I think that anyone would be hard-pressed to categorize Matthew Herbert as anything less than supremely ambitious. One of the more exciting artists in the area of electronic/acoustic music, he's not only taken sampling to places that most artists only dream of, but he's added a great deal of thought to the process as well, creating the PCCOM document for creation of music and most recently started his own country.
Sometimes, his output buckles a bit under the heavy weight of it's own thought processes (last years heavily detailed Plat Du Jour is a good example), but for the most part he's gotten away with things by not only having a message but creating highly stimulating music as well. For Scale, he's relaxed his own rules just a slight bit, and the result may very well be his most inviting and poppy effort yet. Long-time partner Dani Siciliano takes lead vocals on most tracks, and instrumentation dips into lush orchestral jazz, slippery house, and even glitchy ballads.
"Something Isn't Right" opens the album and let's it be known that things are going to be a little more fun as 3 different vocalists trade off while dramatic strings swoop in over fairly straightforward beats. Meanwhile, as on other places, the lyrics pull no punches. "Moving Like A Train" sounds like a straight-up throwback to cheese-laden disco as dense orchestration dips around twangy guitar, a crisp 4/4 beat, and more great vocals from Siciliano.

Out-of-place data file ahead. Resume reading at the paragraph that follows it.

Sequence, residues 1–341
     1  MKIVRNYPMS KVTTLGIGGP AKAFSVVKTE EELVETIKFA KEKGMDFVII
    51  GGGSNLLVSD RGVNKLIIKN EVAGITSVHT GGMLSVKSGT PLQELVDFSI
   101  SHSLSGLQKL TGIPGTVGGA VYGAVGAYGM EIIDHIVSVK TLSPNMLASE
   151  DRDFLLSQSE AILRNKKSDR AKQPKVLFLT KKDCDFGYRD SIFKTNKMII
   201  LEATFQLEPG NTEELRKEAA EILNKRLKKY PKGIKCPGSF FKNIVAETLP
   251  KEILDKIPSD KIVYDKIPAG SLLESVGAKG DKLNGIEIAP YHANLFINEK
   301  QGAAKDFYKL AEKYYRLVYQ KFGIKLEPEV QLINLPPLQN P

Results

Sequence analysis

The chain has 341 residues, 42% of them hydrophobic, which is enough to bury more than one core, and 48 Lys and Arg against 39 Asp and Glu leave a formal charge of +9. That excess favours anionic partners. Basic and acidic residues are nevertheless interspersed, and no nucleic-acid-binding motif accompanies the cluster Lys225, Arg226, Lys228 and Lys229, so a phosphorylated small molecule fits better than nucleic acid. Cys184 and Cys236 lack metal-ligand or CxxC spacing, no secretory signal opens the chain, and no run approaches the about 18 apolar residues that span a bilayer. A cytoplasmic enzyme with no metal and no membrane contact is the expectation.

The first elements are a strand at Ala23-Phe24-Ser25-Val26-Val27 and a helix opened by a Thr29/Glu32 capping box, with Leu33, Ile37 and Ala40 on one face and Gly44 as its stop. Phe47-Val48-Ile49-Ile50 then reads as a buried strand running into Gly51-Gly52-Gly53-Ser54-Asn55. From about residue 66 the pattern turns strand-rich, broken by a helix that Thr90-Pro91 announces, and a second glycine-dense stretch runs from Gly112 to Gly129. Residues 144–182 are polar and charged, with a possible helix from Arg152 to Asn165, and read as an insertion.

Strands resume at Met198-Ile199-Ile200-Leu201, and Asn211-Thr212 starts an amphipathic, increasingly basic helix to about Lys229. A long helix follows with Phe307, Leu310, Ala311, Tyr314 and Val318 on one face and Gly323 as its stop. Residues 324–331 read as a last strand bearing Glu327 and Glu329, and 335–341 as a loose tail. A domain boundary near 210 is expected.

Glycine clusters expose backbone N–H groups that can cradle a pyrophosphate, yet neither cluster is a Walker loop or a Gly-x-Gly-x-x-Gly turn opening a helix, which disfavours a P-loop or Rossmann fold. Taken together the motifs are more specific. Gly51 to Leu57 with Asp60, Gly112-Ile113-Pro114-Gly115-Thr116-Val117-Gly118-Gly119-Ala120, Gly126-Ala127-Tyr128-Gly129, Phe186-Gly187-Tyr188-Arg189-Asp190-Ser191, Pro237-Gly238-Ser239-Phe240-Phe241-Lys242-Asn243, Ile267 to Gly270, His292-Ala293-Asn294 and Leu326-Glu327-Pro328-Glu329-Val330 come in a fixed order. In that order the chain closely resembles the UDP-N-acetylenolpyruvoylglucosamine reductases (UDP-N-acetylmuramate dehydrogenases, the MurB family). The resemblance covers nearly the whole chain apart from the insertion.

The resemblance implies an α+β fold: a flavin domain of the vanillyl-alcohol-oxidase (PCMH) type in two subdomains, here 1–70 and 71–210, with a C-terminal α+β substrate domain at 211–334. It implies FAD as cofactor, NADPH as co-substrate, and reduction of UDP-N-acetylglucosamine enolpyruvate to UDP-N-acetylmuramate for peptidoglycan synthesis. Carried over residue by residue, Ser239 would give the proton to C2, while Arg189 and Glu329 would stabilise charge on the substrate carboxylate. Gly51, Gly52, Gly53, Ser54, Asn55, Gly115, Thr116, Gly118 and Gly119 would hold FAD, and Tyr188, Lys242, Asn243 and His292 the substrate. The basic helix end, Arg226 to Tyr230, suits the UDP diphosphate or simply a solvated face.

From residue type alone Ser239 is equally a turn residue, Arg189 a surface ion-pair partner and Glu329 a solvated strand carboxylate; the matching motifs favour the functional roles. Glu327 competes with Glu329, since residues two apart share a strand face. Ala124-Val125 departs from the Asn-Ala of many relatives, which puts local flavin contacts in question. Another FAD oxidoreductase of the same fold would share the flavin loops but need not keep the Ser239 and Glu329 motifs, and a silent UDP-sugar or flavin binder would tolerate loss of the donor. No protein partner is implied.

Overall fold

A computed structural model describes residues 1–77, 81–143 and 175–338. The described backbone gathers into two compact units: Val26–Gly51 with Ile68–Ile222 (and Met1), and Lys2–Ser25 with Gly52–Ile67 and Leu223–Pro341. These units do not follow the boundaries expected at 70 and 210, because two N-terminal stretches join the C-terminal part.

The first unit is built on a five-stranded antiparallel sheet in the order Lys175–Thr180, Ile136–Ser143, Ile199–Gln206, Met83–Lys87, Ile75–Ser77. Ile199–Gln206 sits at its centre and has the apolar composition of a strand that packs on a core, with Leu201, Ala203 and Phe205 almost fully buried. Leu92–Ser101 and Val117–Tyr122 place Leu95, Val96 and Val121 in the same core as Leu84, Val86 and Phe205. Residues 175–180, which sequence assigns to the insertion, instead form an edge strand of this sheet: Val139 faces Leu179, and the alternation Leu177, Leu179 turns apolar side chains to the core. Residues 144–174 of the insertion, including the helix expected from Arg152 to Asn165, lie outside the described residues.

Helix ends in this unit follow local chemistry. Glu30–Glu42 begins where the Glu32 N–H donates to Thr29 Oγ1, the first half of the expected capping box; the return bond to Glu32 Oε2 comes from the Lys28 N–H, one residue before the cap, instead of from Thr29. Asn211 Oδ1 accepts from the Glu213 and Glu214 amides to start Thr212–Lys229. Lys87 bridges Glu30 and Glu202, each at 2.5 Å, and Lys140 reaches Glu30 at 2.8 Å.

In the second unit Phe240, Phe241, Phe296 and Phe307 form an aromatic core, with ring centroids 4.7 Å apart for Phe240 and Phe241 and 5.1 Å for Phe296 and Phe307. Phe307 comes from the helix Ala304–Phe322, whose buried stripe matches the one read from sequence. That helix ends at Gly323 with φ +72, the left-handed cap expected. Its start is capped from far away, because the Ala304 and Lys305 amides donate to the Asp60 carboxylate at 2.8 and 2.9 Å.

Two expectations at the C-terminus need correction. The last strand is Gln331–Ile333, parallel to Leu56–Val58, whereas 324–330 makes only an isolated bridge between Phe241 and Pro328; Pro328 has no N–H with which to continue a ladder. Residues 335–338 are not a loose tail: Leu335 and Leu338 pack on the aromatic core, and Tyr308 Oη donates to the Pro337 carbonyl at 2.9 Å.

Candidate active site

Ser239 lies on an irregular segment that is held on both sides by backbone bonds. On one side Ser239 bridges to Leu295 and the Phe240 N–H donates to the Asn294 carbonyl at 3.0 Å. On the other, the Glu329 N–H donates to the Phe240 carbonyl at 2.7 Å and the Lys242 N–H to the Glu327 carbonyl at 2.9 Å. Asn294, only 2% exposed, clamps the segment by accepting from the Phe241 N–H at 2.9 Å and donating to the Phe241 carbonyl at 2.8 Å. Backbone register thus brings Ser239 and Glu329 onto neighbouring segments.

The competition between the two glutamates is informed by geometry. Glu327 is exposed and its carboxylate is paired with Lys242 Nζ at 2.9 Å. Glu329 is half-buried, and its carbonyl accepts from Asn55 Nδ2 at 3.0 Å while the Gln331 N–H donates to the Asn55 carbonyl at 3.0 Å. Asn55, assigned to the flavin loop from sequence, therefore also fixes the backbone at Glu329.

The second half of the album finds Herbert playing with a bit more variety and the result is some of the best tracks he's ever done. "Birds Of A Feather" opens with some blippy, string-tinted dance music, but makes several subtle shifts and turns in a soulfull, chugging ending that's sublime. "Down" is even better, blistering through polyrhythmic sections that alternate between glitchy chamber music and queasy, frantic tech house.
Despite Herbert not completely adhering to his strict PCCOM, Scale is by no means stripped down or even relaxed, and the list of 700+ items sampled for the album reveals underlying ideas that are just as heady as his past work. This time out, though, he's played it a little more by ear, and the result is a highly enjoyable album that doesn't beg to be parsed too deeply. As with all his work, though, if you feel like peeling back the layers, there's plenty more underneath it all.